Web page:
After a long time of disregard, the Colorado Department of Agriculture has provided advice on marijuana regulations to other states during a recent convention in Denver.
According to The Seattle Times, weed growing is no longer an issue of underground agriculture, so officials at the Agriculture Department are going to develop regulations and guidelines with the intention to apply established agronomy practices to weed cultivation.
Here is a summary of the agency's advice to
agriculture departments of other states regulating marijuana growing.
Mitch Yergert, head of the Colorado’s Division of Plant Industry, suggested not to delay with the industry regulations. Colorado already had a negative experience when cannabis growing was ignored for more than ten years after its legalization. As a result, the agency has to do much more work now to implement such important things as plant sampling and safety guidelines.
Yergert advised other states to hire more agriculture professionals for regulating the industry before the legalization of marijuana. Currently, Colorado employs 17 workers who are responsible for cannabis and hemp regulation. There is a great scope of work that also requires services of chemists and pesticide inspectors, so the states should include these costs into the budget beforehand.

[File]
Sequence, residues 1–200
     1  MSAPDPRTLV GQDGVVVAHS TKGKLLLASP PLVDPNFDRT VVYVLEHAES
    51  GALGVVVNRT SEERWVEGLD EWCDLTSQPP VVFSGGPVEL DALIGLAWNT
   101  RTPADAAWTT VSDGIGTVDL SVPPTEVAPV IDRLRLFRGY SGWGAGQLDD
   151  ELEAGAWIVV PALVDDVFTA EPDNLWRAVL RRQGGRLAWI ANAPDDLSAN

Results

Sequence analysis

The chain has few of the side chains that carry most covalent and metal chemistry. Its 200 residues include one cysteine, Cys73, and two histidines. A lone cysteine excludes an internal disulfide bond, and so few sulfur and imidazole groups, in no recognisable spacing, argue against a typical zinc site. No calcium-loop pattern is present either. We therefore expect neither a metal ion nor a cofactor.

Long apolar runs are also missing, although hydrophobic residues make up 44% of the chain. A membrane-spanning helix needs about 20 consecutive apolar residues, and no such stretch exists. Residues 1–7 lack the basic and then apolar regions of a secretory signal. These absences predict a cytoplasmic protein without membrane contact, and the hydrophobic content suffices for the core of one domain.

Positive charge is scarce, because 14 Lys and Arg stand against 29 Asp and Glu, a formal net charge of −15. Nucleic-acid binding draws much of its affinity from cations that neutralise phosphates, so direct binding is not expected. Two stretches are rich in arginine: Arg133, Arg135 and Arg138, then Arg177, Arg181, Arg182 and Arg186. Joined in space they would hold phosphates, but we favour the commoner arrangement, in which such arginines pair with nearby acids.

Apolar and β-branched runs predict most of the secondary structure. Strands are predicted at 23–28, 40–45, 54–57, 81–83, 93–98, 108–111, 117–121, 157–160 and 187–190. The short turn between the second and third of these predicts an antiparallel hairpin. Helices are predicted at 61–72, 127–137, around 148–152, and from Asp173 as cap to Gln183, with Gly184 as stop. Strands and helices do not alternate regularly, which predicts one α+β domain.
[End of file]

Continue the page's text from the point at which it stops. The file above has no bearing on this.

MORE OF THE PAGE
It is very difficult to escape from the marijuana smell for agriculture inspectors when they inspect a weed growing operation. Thus, agencies should be ready that their employees will have an unpleasant skunky odor. Yergert encouraged other states’ departments to prepare their workers for this smell and provide them with time for a shower after an inspection.
When the department tried to contact the federal agencies to seek assistance in regulating such issues as labeling and pesticides, they received no reply. Federal officials are traditionally trying to ignore all things related to marijuana, so it is better to contact them directly.
Even though hemp growing remains illegal in the U.S., the agricultural officers worried that weed growers would cultivate industrial hemp to hide marijuana plants. However, the Colorado Department of Agriculture has not seen such cases.
Instead, cannabis growers try to keep their plants away from hemp, as it can reduce the potency of their marijuana.
When the agency had to collect marijuana plants for pesticide testing, they discovered that the U.S. Postal Service does not accept parcels with cannabis. Thus, other states will also have to find a way to transport the herb without police prosecution and missing samples.